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Seth Cassel
November 2005

The Lottery

On the last page of The Lottery by Shirley Jackson, Mrs. Hutchinson cries out in desperation, "It isn't fair, it isn't right" (17), as the villagers start stoning her. The villagers are portrayed as simple people throughout the story until the last passage when they become savage beasts carrying out an age-old ritual. Once Mrs. Hutchinson "wins" the lottery by picking the ticket out of the black box, the villagers unquestioningly grab stones and advance towards her. Shirley Jackson uses the black box and the stones as symbols to emphasize that a cold and inhumane loss of respect for human life comes as a result of mechanically carrying out rituals.

The black box is an object that represents how the villagers have become entranced in the gruesome tradition of stoning people. They do not question the purpose of the box; they simply think that the history and the tradition that the black box represents are right. They do not want to "upset theā€¦ tradition" (3) of the black box. The villagers treat the black box like a person would treat a holy object that they have grown up knowing about but never know its significance. They approach the black box with caution and a certain degree of wariness, but they "keep their distance" (3). Jackson gives life to the black box and makes it seem like a magician put a spell on the commoners to follow its beliefs. The villagers learn as they grow up that the ritual of picking a person to stone each year is part of life. Therefore, no one probes into the point of having the ritual, thus giving in to the black box's supremacy.

When the villagers brutally stone the citizen who has "won" the lottery, it displays how their moral values have been decimated to the point where they now are cold, heartless beings no different than the inanimate stones they use for their deadly acts. A person who still has the capacity to reason would be harshly awoken by the truth that he or she was in the act of killing an innocent person. The boys of the village select the "smoothest and roundest stones" (1), which shows how they regard it as a game. There is the illusion that they are going to go skip rocks. This adds to the lightness that Jackson's short story creates in the beginning. In the end, however, the actions that the boys take to select the rocks only shows how perverted the minds of all the villagers are, from young to old, because even "someone gave little Davy Hutchinson a few pebbles" (17). The villagers cannot analyze why they are picking up a stone, a cold unfeeling object itself, and then shattering a life. At the first Lottery that children attend and from then on, they are trained in the barbaric ritual. Therefore, children do not question the Lottery's value for the rest of their days because the tradition itself has been engrained in their young, vulnerable minds. Early in their lives, the villagers in The Lottery have lost the capability to analyze the decisions they make, and therefore like the inanimate stones, they cannot change.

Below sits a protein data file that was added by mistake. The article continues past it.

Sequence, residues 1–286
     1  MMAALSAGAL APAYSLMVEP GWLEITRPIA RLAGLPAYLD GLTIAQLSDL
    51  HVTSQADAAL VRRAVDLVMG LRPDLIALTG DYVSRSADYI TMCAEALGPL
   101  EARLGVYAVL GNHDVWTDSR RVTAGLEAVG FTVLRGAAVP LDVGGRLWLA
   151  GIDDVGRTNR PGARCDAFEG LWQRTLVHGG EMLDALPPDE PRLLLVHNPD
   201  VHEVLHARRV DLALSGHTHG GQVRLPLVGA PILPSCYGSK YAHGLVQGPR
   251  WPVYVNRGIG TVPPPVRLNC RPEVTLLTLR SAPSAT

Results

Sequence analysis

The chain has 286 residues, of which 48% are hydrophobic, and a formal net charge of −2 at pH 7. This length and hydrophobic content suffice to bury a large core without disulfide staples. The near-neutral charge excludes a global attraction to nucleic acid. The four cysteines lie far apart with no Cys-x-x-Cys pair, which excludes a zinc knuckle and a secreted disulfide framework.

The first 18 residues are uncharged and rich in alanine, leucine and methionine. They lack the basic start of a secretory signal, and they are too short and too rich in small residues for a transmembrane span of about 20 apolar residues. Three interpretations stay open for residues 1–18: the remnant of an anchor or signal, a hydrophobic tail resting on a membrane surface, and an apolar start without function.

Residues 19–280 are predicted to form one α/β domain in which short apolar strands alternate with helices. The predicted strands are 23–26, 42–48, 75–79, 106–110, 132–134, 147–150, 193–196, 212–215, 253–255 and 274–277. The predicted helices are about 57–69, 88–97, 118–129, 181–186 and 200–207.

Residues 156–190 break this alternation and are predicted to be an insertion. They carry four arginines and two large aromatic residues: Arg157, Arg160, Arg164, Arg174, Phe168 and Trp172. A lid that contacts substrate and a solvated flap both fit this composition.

The villagers learn from a very young age to disregard reasoning when carrying out the Lottery and to regard the tradition as a light ceremony. Throughout the Lottery, the villagers are relaxed, and they do not dare to cross the line of questioning the significance of the ritual. Jackson cautions the reader that the effects of following an idea with a closed mind could hurt other people mentally or physically. She warns that if this process persists, it can turn into a ritual that is blindly followed without thought.